As we have heard, the amendments seek to prevent the courts from imposing on young people under 18 the new proposed maximum fine of £2,500 for a breach of their youth rehabilitation order. They would restrict the maximum fine to £250 for under-16s, and £1,000 for 16 to 17-year-olds.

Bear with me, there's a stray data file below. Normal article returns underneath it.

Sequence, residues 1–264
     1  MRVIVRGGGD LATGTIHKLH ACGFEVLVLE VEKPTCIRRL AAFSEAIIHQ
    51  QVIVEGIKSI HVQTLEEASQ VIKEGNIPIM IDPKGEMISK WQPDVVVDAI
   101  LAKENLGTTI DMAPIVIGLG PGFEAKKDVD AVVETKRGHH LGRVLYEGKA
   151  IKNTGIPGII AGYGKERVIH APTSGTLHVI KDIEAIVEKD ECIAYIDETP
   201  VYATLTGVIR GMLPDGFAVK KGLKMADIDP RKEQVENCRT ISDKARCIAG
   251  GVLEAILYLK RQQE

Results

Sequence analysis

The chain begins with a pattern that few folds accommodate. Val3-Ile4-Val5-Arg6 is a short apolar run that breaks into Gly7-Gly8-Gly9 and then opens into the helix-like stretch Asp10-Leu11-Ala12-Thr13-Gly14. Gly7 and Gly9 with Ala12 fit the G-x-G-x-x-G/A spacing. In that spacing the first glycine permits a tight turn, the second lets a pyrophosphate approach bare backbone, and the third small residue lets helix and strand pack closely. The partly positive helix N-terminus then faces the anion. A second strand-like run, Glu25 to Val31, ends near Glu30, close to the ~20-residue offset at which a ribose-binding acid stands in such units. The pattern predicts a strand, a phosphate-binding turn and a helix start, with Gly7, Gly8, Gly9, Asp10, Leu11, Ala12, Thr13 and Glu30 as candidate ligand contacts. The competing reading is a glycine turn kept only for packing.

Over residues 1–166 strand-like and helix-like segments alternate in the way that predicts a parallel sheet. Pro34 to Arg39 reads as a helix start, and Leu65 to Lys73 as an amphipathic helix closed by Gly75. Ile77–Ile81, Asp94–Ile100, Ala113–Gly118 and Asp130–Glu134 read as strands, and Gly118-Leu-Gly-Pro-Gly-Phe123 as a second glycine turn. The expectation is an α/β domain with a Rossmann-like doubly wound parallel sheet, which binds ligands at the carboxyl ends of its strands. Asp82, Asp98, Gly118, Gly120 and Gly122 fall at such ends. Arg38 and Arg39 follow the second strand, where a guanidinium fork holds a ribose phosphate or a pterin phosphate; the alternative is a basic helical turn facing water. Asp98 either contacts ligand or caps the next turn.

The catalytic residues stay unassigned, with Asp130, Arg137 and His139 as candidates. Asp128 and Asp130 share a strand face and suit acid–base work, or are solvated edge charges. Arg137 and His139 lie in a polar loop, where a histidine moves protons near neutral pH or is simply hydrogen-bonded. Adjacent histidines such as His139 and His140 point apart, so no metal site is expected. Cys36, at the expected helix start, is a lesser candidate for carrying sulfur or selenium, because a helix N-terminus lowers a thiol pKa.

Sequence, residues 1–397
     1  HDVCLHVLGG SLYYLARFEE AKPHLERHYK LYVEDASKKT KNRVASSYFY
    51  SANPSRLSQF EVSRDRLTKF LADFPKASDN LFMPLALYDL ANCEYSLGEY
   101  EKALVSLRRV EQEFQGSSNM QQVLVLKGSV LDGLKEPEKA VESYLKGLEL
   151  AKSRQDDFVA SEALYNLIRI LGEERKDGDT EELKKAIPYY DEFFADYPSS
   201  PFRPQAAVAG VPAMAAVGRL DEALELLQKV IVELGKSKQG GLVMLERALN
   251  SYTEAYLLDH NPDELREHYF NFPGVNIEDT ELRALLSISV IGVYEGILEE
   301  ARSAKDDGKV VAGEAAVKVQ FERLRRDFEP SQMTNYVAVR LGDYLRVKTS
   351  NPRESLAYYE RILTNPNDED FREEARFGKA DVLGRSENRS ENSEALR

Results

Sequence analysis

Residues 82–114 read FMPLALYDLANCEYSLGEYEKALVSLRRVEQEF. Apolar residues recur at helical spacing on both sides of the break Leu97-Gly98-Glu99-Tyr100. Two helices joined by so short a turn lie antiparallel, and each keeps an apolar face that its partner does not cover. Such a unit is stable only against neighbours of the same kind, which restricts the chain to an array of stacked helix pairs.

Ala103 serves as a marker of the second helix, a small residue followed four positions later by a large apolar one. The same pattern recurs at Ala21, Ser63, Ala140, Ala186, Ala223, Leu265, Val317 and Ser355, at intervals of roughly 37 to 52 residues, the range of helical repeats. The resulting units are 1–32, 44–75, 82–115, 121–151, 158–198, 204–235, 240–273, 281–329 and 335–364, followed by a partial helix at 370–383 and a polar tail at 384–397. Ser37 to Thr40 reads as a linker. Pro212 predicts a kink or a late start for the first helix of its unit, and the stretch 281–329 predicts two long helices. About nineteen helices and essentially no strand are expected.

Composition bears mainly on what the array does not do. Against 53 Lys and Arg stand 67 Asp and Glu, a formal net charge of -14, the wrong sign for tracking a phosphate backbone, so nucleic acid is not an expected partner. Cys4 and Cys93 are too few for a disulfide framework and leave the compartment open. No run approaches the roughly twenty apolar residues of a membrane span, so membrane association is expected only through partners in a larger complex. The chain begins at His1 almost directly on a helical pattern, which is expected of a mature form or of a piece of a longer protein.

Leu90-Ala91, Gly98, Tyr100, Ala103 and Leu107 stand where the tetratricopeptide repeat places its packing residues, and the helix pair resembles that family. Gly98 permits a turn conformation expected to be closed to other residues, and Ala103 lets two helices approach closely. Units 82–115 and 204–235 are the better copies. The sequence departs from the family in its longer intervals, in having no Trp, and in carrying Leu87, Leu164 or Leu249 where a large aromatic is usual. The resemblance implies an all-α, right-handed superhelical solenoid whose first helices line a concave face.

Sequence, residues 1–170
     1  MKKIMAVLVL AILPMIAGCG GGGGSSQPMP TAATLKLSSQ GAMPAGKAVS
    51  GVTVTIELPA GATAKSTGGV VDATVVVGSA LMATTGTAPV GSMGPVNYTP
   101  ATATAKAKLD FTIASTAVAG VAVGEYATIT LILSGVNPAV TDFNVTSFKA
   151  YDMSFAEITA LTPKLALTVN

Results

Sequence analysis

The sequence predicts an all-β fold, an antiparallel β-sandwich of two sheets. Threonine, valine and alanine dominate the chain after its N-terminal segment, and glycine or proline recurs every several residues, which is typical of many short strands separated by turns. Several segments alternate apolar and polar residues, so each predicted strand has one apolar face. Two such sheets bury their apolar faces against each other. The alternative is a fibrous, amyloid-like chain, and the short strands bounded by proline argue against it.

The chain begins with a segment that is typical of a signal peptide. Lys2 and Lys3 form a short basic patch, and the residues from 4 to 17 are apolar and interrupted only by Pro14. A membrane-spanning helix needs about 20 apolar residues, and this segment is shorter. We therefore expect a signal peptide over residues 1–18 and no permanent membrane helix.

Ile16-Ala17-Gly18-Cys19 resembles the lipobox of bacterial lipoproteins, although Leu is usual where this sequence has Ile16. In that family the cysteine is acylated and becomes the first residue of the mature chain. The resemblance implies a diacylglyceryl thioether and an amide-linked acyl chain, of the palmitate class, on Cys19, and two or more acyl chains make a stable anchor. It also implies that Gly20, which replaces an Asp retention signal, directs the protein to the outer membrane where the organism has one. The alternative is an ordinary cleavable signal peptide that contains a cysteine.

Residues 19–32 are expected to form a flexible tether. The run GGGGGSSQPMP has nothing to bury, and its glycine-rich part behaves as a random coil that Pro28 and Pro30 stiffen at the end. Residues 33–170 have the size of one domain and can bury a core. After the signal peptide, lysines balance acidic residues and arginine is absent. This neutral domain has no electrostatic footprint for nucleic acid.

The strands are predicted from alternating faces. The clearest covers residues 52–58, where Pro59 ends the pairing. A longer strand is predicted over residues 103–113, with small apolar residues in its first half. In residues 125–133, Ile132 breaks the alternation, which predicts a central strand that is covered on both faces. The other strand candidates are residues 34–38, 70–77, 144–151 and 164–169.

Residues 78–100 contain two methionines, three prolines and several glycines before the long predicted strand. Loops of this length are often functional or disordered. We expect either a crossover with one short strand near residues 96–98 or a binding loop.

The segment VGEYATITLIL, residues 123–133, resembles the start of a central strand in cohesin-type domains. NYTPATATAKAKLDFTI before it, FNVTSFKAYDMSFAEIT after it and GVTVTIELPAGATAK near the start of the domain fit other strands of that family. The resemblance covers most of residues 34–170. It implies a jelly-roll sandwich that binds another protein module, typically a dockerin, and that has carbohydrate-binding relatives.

The youth rehabilitation order is the community sentence for under-18-year-olds. We intend to bring the fine limit for the breach of a youth rehabilitation order into line with that of the breach of an adult order. We wish to ensure that sentencers and the public have confidence in community sentences and that punishments for breach are robust. Where the young person or their parent have sufficient means, the court should be able to impose a substantial fine if the child fails to comply with the court’s sentence. Courts will still be required to consider the offender’s means when setting a fine. We do not expect courts to impose a very high fine where there is no prospect of a child or the parent being able to pay it. This is not totemic. There will be cases where plainly the parent—or indeed the child—may have the means to pay the fine, in which circumstance we think it is appropriate, because it will drive home the message that community sentences must be completed and that robust penalties will be imposed if the offender fails to comply.